Source: UK Government
Charities, social enterprises and voluntary groups from Bristol to Belfast and Derbyshire to Dumfries have received the highest award given to organisations delivering exceptional service within their communities.
Many of those honoured have adapted their services to respond to the coronavirus outbreak as the voluntary sector continues to play a vital role in the national effort.
Coinciding with Volunteers’ Week (1-7 June), this year’s Queen’s Award for Voluntary Service celebrates the work of a fantastic, diverse range of volunteer groups whose work has enhanced and supported local communities over a number of years.
The Queen’s Award offers a chance to highlight their outstanding contribution to society and also to recognise the crucial role many have played to support vulnerable people during the coronavirus pandemic.
The Queen’s Award for Voluntary Service Independent Committee Chair Sir Martyn Lewis, said:
This year’s Queen’s Awards highlight the considerable achievements of groups of volunteers who have been making a real impact to the fabric of our country for many years – in some cases decades. Inspired by all that is best in the human spirit, they are made up of local people who have come together to address particular issues and problems facing their communities – often in new and imaginative ways.
All of these award winners have demonstrated a long-term commitment to volunteering that gives real meaning to society, and which shows Britain at its best. Moreover, some of them have also managed to provide valuable support with the fight against Covid-19. We owe them our gratitude – and our congratulations.
Minister for Civil Society, Baroness Barran said:
This prestigious award recognises the important work being done by volunteers across the country and I’d like to congratulate all of the winners for their hard work and dedication supporting their communities.
Charities, social enterprises and their volunteers are the glue that holds our communities together. In these challenging times, they have stepped up their response and been vital to the national effort, for which we are all grateful.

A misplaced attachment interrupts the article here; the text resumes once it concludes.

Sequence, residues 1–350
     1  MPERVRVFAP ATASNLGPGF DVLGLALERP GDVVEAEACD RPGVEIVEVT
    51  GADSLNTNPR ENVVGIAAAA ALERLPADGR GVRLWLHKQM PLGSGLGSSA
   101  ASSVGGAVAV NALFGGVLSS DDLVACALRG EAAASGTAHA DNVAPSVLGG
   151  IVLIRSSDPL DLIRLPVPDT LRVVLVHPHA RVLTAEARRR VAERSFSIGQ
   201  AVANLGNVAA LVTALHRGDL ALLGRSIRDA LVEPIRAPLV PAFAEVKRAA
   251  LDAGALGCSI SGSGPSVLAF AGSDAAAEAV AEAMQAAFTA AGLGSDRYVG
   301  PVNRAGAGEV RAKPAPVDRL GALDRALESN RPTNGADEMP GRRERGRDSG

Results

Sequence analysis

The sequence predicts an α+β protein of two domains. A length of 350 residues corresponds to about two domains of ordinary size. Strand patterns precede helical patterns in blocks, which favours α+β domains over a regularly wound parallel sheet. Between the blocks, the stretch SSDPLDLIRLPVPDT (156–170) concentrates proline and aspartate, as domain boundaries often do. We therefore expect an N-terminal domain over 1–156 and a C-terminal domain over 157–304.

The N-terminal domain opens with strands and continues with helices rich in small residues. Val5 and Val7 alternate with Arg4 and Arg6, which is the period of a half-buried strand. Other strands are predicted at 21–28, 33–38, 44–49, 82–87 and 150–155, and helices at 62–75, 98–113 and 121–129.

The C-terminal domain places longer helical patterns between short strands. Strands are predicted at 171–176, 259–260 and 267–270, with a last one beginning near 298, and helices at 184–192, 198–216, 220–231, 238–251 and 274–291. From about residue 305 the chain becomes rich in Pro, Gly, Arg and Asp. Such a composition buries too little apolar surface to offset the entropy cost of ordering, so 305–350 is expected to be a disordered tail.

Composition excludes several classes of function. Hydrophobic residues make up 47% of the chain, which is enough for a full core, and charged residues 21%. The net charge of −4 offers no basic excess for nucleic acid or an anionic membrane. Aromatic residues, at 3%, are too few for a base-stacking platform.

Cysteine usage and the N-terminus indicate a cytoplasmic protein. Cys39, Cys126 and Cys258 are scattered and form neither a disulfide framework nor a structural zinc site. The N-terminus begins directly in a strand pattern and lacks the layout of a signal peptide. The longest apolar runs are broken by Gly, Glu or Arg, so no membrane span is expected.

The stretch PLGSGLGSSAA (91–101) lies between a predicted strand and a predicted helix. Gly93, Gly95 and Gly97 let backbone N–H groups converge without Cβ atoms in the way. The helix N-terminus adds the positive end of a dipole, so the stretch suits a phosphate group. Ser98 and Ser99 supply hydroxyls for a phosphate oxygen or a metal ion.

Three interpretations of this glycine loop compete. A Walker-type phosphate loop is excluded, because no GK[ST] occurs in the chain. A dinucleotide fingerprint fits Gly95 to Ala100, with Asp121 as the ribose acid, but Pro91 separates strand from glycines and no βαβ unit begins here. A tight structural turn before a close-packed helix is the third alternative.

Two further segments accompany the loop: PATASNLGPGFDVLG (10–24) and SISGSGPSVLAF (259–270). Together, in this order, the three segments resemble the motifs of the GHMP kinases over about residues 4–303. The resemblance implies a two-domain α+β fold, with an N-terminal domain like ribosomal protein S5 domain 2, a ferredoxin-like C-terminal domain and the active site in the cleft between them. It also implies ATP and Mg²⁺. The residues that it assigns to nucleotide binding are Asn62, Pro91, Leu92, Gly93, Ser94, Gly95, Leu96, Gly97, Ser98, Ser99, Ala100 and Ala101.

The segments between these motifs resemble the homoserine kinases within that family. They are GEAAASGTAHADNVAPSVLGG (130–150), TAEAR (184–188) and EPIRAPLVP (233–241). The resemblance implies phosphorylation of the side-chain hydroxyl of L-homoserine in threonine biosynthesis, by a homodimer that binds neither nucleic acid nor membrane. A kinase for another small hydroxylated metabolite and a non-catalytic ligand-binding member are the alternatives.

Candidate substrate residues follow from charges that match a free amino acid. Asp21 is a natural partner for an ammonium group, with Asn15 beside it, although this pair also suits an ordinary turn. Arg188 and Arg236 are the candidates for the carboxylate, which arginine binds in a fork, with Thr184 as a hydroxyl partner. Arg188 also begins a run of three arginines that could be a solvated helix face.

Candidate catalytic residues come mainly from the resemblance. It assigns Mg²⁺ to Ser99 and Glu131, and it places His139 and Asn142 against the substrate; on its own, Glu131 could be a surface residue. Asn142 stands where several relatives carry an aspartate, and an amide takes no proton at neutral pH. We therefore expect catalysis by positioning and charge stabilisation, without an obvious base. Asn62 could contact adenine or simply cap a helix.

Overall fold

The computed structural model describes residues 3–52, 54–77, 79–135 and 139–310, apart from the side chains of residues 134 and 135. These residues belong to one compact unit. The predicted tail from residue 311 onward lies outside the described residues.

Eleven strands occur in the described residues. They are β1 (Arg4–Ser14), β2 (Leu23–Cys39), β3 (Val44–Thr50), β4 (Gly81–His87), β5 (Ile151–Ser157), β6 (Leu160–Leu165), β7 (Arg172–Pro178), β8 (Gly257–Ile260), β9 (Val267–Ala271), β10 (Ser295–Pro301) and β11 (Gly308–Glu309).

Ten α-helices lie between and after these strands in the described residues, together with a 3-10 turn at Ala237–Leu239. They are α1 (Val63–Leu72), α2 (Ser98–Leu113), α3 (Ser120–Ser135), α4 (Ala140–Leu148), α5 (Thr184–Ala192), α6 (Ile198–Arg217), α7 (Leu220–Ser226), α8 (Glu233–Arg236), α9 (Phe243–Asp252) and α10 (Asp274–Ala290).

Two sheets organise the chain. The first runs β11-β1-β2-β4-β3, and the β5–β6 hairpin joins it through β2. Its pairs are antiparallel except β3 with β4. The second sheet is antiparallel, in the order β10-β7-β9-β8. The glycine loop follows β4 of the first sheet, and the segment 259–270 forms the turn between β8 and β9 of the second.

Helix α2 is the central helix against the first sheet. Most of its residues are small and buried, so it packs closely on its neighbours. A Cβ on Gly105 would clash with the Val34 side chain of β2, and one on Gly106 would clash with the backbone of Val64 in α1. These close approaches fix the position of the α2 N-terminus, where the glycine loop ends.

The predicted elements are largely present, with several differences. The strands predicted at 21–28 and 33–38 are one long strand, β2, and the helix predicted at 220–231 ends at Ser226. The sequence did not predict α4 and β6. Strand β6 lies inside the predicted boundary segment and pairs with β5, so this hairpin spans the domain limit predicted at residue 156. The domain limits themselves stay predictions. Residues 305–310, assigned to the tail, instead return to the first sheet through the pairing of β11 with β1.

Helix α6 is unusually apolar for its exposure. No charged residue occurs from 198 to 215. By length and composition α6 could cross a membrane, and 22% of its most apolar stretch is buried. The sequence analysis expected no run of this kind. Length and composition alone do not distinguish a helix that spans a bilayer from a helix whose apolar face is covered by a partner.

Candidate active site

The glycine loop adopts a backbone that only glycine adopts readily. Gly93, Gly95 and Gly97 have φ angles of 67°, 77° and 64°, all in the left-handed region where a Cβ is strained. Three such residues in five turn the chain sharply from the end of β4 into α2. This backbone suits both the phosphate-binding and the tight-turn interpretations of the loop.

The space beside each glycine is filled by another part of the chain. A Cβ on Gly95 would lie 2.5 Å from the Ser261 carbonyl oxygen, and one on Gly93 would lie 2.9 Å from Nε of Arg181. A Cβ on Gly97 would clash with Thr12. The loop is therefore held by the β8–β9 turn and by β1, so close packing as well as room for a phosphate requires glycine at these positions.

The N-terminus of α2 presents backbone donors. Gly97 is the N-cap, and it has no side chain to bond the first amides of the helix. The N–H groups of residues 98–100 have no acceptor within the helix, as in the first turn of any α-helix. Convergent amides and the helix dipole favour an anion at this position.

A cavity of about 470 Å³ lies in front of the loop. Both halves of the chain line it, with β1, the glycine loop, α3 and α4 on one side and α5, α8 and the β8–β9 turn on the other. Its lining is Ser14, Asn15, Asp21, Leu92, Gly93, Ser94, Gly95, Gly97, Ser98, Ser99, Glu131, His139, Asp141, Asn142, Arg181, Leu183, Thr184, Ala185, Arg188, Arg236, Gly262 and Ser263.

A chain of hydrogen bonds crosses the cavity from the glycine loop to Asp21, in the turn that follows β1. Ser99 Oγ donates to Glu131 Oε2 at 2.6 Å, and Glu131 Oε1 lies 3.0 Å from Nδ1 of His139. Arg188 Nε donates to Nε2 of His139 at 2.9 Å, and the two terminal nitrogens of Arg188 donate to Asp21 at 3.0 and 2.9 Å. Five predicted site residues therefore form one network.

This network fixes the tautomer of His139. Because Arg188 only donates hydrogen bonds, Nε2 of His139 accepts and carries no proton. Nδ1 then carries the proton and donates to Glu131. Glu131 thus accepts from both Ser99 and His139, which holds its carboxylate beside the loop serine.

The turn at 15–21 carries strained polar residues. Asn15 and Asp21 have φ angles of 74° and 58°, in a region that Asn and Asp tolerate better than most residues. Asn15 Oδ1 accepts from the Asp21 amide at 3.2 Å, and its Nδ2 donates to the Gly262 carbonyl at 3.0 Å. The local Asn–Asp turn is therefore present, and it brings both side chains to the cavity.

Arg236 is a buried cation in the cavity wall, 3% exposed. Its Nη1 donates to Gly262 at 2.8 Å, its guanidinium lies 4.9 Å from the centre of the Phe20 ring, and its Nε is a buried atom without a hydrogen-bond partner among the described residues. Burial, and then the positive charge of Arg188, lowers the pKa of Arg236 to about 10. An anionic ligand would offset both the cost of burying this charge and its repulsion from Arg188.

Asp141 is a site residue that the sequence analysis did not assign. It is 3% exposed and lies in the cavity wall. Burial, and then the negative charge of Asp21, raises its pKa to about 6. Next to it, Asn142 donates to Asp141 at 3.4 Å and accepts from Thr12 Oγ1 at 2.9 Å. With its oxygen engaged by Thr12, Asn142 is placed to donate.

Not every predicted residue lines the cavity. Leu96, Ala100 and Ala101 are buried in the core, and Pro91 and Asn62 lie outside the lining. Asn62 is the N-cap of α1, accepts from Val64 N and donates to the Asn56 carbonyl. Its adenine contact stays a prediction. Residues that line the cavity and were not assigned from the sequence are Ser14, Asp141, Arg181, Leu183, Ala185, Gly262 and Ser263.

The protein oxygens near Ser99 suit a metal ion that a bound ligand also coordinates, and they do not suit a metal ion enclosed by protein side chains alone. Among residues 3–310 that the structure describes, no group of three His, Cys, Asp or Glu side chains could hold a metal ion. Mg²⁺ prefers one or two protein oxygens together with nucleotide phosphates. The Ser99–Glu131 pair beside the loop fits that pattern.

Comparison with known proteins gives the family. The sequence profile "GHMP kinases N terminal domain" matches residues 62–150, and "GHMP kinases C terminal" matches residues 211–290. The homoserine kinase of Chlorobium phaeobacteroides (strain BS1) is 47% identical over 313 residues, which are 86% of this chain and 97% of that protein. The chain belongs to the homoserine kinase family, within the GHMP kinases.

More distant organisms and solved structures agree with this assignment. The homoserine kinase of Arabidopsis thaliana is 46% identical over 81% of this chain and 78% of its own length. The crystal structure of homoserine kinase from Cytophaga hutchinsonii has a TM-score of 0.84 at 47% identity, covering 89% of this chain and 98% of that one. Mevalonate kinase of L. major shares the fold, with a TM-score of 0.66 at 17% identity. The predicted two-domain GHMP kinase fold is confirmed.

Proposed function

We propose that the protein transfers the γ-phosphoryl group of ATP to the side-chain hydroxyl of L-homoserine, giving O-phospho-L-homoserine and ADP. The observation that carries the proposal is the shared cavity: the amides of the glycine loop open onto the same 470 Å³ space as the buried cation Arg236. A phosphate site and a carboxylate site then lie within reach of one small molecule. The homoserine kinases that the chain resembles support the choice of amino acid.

This year’s recipients demonstrate the diversity of organisations supporting our communities and also their ability to innovate – many have been able to adapt their services in light of the coronavirus outbreak including:
Forward Assist, in Tyne and Wear, has been supporting veterans in the community by setting up a virtual support service, in which a therapist checks in with ‘safe and well’ calls and offers one-to-one counselling. It has also arranged food parcels, offered financial advice and updated CVs for vulnerable, isolated veterans.
When a local food bank closed in Neath Port Talbot because its volunteers were self-isolating, the Cymer Afan Community Library quickly decided to repurpose their building, staff and volunteers and transform the library into a temporary food bank for the community.
North Somerset Black and Minority Ethnic Network have supported the local community through providing advice and assistance over the phone and have delivered over 5000 hot meals to vulnerable people, free of charge.
To support the mental health and wellbeing of older people who usually attend the Eglinton Community Centre in Derry-Londonderry, volunteers have been running online dance exercise classes so people can keep active in their living rooms and kitchens while they stay at home.
Gairloch Community Car Scheme in the Scottish Highlands have adapted their car service to collect and deliver groceries, pharmacy items and other shopping for those who are isolated during the pandemic. They have also extended the area they cover to a 150 mile radius to ensure the more remote, outlying families can access the help they need.
The recipients of the Queen’s Award for Voluntary Service are announced every year on 2 June, the anniversary of The Queen’s Coronation.
Any volunteer-led group comprising two or more people having a positive impact on the lives of others in an exceptional way can be nominated for an award. A group must satisfy the eligibility requirements before the nomination can be processed through to the assessment stages of the award. More details can be found on the Queen’s Award for Voluntary Service website.
Nominations for the 2021 awards close on 25 September 2020.
Notes for editors
1: Find winners near you on our map.
2: Lord Lieutenants represent the monarch in each of the UK’s ceremonial counties. This year there were 230 recipients of The Queen’s Award Voluntary Service from across the UK. More information on the recipients and the Award.
3: Any group of two or more people that has participated in voluntary work for more than three years can be nominated for the award. Full details on how to nominate.